There are a lot of innovative ideas coming to light about how to make the automobile and transportation industries more environmentally-friendly. One of the “greenest” ideas, in more ways than one, is the use of algae as a petroleum replacement. I’m not saying that algae would or even could be a complete substitute for petroleum, however it is one of many smart ideas that could help wean us off our dependence on foreign oil.
Image by PMC 1stPix
Now of course hybrids and electric vehicles are a big market right now and rightfully so. However, research into other potentially viable fuel options has brought about the idea of algae as a biofuel.
CNET reports that “Algae biofuels need 10 years of R&D to compete“. Although they do admit that cars and even airplanes can use algae biofuels, but contend that algae biofuels cannot be a viable petroleum competitor at this stage of the game.
The military and government obviously think there is a future in algae fuels for they have started stepping up their use and investment in the petroleum alternative. For example, as part of their push towards sustainability, the U.S. Navy recently ran a successful test on a naval gun boat powered by an algae/diesel fuel mix.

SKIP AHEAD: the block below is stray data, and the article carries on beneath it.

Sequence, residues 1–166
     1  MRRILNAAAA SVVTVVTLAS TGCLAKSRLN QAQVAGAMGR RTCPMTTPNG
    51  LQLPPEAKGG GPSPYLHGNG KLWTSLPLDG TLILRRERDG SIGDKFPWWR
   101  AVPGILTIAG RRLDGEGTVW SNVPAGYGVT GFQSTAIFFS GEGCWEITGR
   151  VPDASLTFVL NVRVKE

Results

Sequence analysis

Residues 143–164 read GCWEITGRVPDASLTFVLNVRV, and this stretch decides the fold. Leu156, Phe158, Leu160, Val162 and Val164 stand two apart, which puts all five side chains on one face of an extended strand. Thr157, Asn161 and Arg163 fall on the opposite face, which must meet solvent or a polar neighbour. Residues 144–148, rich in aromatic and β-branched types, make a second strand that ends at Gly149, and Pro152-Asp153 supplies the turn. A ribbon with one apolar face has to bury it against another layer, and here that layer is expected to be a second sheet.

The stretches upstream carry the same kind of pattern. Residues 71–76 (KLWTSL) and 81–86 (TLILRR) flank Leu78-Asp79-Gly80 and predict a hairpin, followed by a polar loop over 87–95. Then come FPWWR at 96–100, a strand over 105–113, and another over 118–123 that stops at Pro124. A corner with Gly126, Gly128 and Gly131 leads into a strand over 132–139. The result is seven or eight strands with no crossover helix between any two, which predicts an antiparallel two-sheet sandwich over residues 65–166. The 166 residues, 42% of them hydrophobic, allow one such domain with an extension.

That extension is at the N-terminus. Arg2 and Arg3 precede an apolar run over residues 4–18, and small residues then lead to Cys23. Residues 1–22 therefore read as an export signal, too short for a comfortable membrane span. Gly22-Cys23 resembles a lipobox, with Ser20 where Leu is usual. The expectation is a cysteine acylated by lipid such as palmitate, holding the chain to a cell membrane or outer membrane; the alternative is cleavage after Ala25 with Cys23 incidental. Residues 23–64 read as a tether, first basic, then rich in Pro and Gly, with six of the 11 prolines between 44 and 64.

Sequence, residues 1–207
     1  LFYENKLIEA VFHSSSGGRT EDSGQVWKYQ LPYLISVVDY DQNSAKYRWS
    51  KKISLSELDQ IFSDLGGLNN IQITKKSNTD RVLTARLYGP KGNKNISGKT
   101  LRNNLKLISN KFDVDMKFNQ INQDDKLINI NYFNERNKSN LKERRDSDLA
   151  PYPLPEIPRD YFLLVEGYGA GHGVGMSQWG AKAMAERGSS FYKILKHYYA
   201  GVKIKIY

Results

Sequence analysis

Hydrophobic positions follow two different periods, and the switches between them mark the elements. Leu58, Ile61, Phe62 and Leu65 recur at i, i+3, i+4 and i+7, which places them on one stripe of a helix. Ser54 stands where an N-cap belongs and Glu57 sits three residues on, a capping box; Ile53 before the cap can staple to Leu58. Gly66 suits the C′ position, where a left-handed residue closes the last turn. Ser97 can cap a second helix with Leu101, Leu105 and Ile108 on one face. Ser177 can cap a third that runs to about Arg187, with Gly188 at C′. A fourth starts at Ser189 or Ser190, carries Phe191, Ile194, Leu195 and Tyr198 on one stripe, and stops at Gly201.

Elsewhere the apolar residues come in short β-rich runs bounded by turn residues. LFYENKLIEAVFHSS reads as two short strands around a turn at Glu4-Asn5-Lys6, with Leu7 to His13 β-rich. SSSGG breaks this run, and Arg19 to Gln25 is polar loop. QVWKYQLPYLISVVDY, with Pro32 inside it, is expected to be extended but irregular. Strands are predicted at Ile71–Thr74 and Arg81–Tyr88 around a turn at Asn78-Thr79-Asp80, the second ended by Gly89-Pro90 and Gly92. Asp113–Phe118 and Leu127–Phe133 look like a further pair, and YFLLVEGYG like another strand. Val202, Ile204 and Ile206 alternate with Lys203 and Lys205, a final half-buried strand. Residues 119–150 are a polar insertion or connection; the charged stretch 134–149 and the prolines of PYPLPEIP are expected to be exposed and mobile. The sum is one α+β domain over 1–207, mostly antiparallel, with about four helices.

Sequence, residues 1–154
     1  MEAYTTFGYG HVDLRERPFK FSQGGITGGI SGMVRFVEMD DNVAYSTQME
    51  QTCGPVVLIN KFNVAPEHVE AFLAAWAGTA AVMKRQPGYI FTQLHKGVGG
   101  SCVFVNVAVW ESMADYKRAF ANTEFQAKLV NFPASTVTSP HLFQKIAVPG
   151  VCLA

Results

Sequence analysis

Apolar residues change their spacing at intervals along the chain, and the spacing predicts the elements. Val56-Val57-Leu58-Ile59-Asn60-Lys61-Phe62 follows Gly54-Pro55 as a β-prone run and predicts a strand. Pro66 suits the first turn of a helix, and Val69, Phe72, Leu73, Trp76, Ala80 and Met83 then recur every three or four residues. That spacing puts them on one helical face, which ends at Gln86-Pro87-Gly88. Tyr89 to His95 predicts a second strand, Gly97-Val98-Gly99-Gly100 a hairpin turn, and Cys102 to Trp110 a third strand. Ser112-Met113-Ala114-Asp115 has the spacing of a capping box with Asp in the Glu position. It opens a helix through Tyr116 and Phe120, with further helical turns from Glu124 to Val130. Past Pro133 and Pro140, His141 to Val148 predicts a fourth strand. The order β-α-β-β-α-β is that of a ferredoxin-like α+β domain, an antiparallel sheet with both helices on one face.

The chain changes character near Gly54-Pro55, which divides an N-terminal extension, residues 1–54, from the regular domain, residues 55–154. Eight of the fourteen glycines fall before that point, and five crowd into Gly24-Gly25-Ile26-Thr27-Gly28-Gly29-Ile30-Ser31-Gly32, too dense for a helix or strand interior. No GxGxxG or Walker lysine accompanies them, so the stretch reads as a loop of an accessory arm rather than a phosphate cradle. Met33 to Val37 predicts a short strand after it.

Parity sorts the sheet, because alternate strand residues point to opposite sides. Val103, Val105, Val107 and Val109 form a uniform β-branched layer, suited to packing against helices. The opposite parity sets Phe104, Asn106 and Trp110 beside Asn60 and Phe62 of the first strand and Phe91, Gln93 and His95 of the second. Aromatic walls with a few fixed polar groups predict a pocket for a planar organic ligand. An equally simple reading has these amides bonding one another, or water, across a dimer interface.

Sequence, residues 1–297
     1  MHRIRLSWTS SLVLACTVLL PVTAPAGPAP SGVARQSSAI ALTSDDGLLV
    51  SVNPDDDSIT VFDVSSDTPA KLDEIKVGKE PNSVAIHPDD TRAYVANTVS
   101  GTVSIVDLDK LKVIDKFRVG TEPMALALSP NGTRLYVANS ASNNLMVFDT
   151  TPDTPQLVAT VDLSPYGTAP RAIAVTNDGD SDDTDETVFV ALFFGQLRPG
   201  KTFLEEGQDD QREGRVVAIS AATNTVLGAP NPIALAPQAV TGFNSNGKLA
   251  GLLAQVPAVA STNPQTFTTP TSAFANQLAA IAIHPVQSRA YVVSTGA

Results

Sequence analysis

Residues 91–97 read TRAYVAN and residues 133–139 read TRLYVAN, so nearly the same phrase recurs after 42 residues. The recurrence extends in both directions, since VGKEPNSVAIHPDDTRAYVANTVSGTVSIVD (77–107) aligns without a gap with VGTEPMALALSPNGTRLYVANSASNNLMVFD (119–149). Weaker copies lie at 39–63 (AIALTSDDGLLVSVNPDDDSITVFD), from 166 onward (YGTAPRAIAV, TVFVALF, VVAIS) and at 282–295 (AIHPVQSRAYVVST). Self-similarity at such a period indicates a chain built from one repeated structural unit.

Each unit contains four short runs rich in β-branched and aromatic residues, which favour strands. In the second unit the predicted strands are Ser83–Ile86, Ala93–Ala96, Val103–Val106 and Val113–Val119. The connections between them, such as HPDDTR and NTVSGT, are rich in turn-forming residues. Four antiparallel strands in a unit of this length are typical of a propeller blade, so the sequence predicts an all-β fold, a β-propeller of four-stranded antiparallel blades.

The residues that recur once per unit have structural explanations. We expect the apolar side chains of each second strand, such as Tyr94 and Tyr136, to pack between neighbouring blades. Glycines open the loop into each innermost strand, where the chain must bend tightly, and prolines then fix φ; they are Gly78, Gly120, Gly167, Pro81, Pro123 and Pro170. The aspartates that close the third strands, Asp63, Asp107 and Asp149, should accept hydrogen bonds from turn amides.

Image courtesy of SolveClimateNews.com
Additionally it looks like algae could play a role in the U.S. Navy’s future:
“The navy plans to roll out its first green strike force, a group of about 10 ships, submarines and planes running on a mix of biofuels and nuclear power, in 2012, with deployment in the field scheduled for 2016.”
The aviation industry is also getting in on the algae action. Earlier this year the World’s First Flight Powered by 100% Algae Biofuels was completed. And recently Cranfield University’s Sea Green Project reported it was accelerating its production of algae for aviation biofuels. Their target is to set up an ocean-based facility and be producing commercial scale volume of bio-jet fuel within three years.
Image by dazzy1960
Another company in the business of turning algae into an environmentally-friendly oil is Southern California based, OriginOil. They claim that with their patent-pending technology they will be able to “provide the world with an endless supply of cost-competitive and environment-friendly oil to displace petroleum“.
Take a look at this CNN interview with OriginOil CEO, Riggs Eckleberry:
Additionally, take a look at the following video, “Environmental Entrepreneurs: Firing Up Algae Fuel” and decide for yourself. Could algae biofuels become a viable replacement for petroleum in the near future? Do you think it’s a green, sustainable alternative?